Zekeina Daya Sha'ata

Nidah (1:5) | Yisrael Bankier | a year ago

A woman that has a regular period is defined as nidah, which affects her in two ways, until she becomes tahor. Marital relations are forbidden and she is source of tumah. The masechet opens with a debate regarding a woman that sees dam (blood) and discusses how far into the past we need to be concerned that she was already a nidah. We discussed this debate previously (see 6(55)). There are however certain cases where everyone agrees daya shaata. In other words, she is only tameh from the point she saw dam and not prior. The Mishnah explains that a women that has a veset (a fixed, regular and predictable period) is one such case. []{dir="rtl"}

The third Mishnah begins with R' Eliezer listing four women that are also daya shatata: betula, me'uberet, menika and zkeina. The fourth and fifth Mishnah explain each of these terms.

The Mishnah (1:5) records the debate regarding the definition of a zekeina to whom daya shaata would apply. The first opinion is a woman who is advanced in age and has not seen dam in night days. The Gemara explains she is considered old, when she is referred to as eima, and title given to an elderly lady, and it does not bother her. R' Eliezer however continues that we would apply daya shaata to any women who has passed ninety days without seeing dam, (Barternura). We shall try to understand the opinion of R' Eliezer.

A number of difficulties are raised in this Mishnah. Recall that R' Eliezer listed four women, one of which is the zekeina -- elderly lady. If the second opinion in the Mishnah is R' Eliezer, then why did he list the zekeina? Anyone that has not see dam in ninety days would qualify.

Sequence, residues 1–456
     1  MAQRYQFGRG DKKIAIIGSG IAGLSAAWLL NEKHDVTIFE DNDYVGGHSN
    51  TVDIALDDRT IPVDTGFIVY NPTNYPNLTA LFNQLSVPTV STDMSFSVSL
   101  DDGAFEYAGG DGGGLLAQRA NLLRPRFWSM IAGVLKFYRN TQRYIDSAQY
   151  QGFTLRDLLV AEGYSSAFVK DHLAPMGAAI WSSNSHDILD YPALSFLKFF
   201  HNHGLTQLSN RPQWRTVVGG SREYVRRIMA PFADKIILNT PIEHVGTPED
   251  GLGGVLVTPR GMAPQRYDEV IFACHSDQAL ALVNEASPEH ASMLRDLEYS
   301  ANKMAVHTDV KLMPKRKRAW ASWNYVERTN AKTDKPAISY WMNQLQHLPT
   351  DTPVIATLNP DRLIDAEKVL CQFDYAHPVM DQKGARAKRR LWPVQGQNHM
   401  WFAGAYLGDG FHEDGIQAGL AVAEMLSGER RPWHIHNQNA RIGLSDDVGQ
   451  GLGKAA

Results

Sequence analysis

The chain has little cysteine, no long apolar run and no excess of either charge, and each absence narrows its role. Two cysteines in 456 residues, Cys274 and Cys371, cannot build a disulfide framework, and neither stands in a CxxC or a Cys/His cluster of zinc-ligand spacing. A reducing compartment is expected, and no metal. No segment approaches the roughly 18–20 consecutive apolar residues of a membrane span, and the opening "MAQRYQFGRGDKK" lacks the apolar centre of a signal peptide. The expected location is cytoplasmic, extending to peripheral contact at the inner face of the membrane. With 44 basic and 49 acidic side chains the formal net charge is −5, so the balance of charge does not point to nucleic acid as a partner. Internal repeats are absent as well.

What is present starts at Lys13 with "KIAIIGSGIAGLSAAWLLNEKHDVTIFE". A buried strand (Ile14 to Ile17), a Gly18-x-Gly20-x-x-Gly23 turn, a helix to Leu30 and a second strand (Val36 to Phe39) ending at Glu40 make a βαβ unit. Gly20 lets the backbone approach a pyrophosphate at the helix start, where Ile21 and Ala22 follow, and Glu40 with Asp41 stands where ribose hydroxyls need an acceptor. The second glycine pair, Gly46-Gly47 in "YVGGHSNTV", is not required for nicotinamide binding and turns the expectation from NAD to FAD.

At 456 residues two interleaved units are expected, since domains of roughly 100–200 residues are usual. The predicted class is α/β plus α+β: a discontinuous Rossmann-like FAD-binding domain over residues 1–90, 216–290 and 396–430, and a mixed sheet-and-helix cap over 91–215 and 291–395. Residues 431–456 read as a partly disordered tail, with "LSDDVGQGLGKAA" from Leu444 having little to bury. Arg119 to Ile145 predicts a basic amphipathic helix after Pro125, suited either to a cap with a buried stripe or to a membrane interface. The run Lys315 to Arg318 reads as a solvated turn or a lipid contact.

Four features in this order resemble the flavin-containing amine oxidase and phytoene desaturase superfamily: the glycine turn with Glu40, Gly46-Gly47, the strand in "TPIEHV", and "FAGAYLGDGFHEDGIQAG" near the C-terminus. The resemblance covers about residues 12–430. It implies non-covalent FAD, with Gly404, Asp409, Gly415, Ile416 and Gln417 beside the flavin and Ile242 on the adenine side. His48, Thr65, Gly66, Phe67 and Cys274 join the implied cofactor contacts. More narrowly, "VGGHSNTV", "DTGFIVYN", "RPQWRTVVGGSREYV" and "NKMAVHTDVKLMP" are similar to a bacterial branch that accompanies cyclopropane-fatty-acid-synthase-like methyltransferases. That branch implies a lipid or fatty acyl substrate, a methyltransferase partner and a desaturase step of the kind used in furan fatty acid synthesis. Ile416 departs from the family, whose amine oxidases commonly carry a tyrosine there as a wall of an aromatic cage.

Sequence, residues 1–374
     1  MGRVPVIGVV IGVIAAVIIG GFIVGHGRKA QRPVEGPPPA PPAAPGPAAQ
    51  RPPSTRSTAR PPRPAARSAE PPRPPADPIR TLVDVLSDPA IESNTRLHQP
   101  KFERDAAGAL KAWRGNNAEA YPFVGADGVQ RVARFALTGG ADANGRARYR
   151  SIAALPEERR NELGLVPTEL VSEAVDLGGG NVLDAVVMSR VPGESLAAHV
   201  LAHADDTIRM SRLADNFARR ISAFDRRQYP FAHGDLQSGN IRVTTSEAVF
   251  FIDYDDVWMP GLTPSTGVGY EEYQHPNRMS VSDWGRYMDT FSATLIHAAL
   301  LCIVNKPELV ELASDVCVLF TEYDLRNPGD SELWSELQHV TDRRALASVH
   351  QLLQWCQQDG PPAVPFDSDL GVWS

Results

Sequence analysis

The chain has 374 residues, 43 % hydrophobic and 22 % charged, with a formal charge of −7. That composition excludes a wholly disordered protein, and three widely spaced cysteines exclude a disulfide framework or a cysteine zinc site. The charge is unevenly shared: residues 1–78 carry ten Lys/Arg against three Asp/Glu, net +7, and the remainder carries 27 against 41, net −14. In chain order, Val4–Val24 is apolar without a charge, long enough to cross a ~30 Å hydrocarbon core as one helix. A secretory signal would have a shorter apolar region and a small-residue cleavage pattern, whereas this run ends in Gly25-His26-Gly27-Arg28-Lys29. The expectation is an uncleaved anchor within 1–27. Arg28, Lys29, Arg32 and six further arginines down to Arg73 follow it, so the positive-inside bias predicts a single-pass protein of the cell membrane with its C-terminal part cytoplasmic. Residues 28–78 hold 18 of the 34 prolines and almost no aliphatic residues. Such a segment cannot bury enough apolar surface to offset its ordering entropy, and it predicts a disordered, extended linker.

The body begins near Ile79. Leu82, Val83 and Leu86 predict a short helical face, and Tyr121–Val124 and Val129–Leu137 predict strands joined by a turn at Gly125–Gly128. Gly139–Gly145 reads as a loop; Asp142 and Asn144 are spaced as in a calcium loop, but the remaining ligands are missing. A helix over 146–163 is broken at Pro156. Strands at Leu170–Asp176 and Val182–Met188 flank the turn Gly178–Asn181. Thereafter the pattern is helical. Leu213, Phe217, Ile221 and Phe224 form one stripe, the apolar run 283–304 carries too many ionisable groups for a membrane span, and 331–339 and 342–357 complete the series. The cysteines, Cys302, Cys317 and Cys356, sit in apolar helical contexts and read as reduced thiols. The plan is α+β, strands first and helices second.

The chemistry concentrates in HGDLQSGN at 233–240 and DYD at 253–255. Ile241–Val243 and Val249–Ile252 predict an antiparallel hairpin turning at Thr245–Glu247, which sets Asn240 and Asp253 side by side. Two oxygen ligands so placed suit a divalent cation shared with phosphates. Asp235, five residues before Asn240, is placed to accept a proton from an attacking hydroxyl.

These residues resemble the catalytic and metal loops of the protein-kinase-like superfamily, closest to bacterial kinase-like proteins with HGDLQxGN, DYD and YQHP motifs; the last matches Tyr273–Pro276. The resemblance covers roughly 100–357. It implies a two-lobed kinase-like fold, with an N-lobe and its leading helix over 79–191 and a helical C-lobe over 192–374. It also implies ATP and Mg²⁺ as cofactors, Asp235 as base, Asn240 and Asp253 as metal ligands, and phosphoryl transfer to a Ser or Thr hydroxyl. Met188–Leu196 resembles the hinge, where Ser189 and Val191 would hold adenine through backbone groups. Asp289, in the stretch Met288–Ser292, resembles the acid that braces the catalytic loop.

The Melechet Shlomo writes that the second opinion in our Mishnah should read R' Elazar rather than R' Eliezer. The Melechet Shlomo cites a number of examples in the Gemara where R' Elazar is cited as the one who presents this position, as proof. Indeed, in the Yerushalmi we also find the second opinion present as R' Elazar.

The Rashash (9a) however maintains the version of the Mishnah as we have it and explains that R' Eliezer's statement here is necessary to understand the Mishnah above, that it is only these four women. R' Eliezer finds the first opinion in this Mishnah difficult. If a zekeina needs to wait ninety days, then how is she different from any other women? If that was true, then why did I receive from my teachers that the zekeina is in the list of four? It must therefore be that a zekeina does not need to wait ninety days. The Maharsha (11b) also understands that the difference would be that according to R' Eliezer once a lady reaches the age of a zekeina she would not need to wait ninety days. We find therefore that there is a difference between the zekeina and other women.

Nevertheless, one might still ask that if that is the case, that any women who has not seen dam for ninety should also qualify, then R' Eliezer should have included this case as case number five. The Matan Be'Seter (7b) explains that in the third Mishnah, R' Eliezer was conveying that which he received from his teachers -- and that was the list of four women. This additional case in our Mishnah, is one that he presented based on sound logic, and was therefore presented separately.


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